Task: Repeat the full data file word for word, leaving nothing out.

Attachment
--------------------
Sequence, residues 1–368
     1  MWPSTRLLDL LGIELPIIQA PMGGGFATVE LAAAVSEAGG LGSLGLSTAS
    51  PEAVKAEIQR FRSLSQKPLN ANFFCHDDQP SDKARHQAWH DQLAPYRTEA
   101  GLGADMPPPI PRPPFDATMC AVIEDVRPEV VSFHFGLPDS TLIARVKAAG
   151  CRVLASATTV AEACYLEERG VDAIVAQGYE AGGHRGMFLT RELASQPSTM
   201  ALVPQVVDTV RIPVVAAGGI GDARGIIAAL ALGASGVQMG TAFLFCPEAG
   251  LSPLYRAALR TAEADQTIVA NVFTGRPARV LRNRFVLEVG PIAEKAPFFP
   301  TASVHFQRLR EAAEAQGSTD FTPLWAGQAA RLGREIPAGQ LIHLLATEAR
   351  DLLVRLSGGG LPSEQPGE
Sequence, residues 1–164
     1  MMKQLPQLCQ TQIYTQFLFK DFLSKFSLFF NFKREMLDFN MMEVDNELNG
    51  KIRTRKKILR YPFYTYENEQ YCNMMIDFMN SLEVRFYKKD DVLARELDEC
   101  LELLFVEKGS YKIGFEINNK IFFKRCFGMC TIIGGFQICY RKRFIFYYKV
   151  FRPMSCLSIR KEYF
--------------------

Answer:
Sequence, residues 1–368
     1  MWPSTRLLDL LGIELPIIQA PMGGGFATVE LAAAVSEAGG LGSLGLSTAS
    51  PEAVKAEIQR FRSLSQKPLN ANFFCHDDQP SDKARHQAWH DQLAPYRTEA
   101  GLGADMPPPI PRPPFDATMC AVIEDVRPEV VSFHFGLPDS TLIARVKAAG
   151  CRVLASATTV AEACYLEERG VDAIVAQGYE AGGHRGMFLT RELASQPSTM
   201  ALVPQVVDTV RIPVVAAGGI GDARGIIAAL ALGASGVQMG TAFLFCPEAG
   251  LSPLYRAALR TAEADQTIVA NVFTGRPARV LRNRFVLEVG PIAEKAPFFP
   301  TASVHFQRLR EAAEAQGSTD FTPLWAGQAA RLGREIPAGQ LIHLLATEAR
   351  DLLVRLSGGG LPSEQPGE
Sequence, residues 1–164
     1  MMKQLPQLCQ TQIYTQFLFK DFLSKFSLFF NFKREMLDFN MMEVDNELNG
    51  KIRTRKKILR YPFYTYENEQ YCNMMIDFMN SLEVRFYKKD DVLARELDEC
   101  LELLFVEKGS YKIGFEINNK IFFKRCFGMC TIIGGFQICY RKRFIFYYKV
   151  FRPMSCLSIR KEYF